Dear foster parents and others concerned about foster care services,
Please take a look at the announcement below. Irene Clements, President of the National Foster Parent Association and President of the Texas Foster Family Association, will testify at this Hearing as an invited expert and serve as the "national voice of foster parents" as she provides information on normalizing care for children and youth in foster care and the necessary changes that are needed to enable foster parents to provide normalizing family, school, social, and community experiences. Your voice is being heard through advocacy efforts by the National Foster Parent Association. If you are not a member, please seriously consider joining at www.nfpaonline.org and show your support for improving the foster care systems in the United States.
NFPA Board of Directors
FOR IMMEDIATE RELEASE May 2, 2013
No. HR -04 202-225-1025
Chairman Reichert Announces Hearing on Letting Kids Be Kids: Balancing Safety with Opportunity for Foster Youth
Congressman Dave Reichert (R-WA), Chairman of the Subcommittee on Human Resources of the Committee on Ways and Means, today announced that the Subcommittee will hold a hearing titled, “Letting Kids Be Kids: Balancing Safety with Opportunity for Foster Youth.” The hearing will review recent State efforts to improve the lives of foster youth by eliminating barriers that unnecessarily limit the activities of children in foster care. The hearing will take place at 9:30 am on Thursday, May 9, 2013, in Room 1100 of the Longworth House Office Building.
In view of the limited time available to hear from witnesses, oral testimony at this hearing will be from invited witnesses only. Witnesses will include experts from Florida, which has recently enacted legislation to improve opportunities for foster youth, as well as other experts in foster care and child welfare. However, any individual or organization not scheduled for an oral appearance may submit a written statement for consideration by the Committee and for inclusion in the printed record of the hearing.
In 2011, over 250,000 children entered foster care across the country. For these children, entering foster care is a traumatic experience resulting in dramatic changes in their lives. For example, children who enter foster care often move to a new school where they must make new friends, try to fit in, and begin new efforts to participate in sports and other activities in their new community. These and other changes make it even harder for foster youth to successfully grow and develop.
In recent years, Congress has enacted a series of reforms designed to reduce the number of children in foster care, as well as increase the stability of the lives of youth in care. These recent Federal and State reforms have resulted in more children staying safely in their own homes and more children being adopted instead of languishing in foster care. For children who do enter foster care, several Federal laws have been designed to promote school stability to improve the lives of foster youth. The Fostering Connections to Success and Increasing Adoptions Act of 2008 sought to ensure that States keep foster youth in the same school whenever possible. The 2013 Uninterrupted Scholars Act allows child welfare workers access to educational records of foster youth so children that have to change schools are less likely to fall behind.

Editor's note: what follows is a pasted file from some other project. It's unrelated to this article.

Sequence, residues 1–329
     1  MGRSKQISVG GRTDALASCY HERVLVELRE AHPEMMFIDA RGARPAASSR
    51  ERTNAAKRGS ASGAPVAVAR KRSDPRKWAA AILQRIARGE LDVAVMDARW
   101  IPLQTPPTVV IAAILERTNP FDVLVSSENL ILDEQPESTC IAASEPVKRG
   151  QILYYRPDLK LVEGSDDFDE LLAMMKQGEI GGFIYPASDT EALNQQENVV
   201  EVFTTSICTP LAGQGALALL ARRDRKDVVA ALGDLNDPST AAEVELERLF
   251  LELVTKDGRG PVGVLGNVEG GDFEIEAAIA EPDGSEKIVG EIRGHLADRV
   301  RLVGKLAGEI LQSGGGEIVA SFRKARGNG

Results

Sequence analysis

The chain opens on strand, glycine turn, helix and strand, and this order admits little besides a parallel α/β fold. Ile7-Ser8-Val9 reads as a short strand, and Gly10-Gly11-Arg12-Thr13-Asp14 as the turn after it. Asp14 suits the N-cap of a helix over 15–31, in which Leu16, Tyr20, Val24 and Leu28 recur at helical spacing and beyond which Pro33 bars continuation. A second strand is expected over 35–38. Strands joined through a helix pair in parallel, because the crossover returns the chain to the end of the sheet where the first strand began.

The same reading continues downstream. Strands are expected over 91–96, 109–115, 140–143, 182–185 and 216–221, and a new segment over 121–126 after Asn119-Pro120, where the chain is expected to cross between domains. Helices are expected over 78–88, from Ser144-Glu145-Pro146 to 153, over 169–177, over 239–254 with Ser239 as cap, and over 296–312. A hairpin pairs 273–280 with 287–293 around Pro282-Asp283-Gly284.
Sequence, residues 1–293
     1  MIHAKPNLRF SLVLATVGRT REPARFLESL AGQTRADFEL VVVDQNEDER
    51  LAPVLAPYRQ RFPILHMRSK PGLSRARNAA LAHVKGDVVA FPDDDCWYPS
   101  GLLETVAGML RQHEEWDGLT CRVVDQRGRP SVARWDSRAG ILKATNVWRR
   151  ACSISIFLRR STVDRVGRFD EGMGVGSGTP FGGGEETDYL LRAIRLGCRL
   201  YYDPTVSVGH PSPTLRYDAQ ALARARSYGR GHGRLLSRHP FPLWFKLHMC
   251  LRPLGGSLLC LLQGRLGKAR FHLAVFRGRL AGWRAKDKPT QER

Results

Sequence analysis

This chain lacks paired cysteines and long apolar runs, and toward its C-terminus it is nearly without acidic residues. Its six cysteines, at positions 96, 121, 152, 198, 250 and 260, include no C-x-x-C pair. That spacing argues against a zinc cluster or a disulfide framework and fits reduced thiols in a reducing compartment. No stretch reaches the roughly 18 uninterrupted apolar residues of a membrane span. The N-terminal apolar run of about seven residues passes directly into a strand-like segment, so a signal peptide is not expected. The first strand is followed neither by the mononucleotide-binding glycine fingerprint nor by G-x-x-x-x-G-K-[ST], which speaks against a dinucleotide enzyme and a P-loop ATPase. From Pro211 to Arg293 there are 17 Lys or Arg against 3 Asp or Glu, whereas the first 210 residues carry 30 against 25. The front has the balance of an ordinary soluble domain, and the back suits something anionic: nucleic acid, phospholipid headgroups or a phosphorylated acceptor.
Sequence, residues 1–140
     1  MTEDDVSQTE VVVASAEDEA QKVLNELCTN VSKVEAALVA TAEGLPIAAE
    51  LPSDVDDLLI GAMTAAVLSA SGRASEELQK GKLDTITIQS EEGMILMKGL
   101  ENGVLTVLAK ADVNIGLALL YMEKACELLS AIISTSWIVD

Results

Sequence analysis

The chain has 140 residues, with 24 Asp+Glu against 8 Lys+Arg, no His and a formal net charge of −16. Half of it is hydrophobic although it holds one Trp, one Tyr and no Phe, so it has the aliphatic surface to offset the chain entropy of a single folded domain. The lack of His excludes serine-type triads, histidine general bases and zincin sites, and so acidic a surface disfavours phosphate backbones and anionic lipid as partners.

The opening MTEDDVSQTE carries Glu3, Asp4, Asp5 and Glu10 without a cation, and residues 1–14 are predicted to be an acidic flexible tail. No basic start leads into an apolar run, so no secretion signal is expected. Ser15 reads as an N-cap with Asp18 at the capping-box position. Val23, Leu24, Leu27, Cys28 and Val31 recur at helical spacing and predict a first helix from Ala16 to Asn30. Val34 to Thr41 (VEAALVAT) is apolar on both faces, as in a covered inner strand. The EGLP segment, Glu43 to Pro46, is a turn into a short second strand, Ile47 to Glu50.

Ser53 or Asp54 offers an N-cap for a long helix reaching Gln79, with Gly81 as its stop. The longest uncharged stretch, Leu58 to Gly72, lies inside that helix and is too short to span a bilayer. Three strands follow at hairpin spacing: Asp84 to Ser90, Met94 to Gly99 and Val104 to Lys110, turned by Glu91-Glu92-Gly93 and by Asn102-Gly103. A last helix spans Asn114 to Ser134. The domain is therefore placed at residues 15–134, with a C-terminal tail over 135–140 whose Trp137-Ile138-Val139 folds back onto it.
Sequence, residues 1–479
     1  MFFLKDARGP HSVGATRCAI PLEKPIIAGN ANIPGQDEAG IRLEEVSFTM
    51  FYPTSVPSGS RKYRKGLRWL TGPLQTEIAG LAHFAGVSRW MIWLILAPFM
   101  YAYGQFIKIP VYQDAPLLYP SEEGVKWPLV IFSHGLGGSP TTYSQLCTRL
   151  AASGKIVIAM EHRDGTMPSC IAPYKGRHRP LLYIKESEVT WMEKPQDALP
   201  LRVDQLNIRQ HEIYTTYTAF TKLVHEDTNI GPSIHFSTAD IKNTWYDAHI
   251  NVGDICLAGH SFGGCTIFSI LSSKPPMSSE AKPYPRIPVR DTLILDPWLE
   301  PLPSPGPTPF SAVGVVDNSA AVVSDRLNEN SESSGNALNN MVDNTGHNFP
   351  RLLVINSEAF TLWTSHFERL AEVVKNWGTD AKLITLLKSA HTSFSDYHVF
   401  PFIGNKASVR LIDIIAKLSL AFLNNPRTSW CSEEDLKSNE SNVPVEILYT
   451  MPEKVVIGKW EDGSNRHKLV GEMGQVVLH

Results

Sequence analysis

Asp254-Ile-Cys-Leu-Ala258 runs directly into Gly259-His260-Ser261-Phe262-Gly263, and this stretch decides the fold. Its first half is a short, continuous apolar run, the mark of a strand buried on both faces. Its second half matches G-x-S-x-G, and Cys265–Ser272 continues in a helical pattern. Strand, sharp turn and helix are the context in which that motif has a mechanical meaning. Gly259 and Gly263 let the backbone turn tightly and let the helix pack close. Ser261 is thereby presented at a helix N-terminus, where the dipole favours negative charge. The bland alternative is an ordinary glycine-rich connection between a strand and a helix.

Some foster care policies and practices unnecessarily complicate the lives of foster youth. For example, when asked about their experiences in foster care, many current and former foster youth often cite rules that made it hard for them to participate in sports, stay over at a friend’s house, get a driver’s license, or hold down a part-time job. While these policies and practices are often intended to ensure the youth’s safety, such policies can also further isolate foster youth when they are seeking to integrate into a new family, school, and community.
A number of States have taken steps to eliminate overly burdensome requirements and improve the lives of children in foster care. For example, California enacted a law in 2004 giving foster youth the right to participate in age-appropriate activities, while also making changes to State policy to eliminate overly restrictive rules for foster youth and foster parents. In April 2013, Florida enacted a law to reduce rules and regulations that currently limit the activity of children in foster care. Other States have taken similar actions to examine State policies and make reforms to allow foster youth to be treated more like other kids – including participating in age-appropriate activities like sports, staying over with friends, and getting a driver’s license.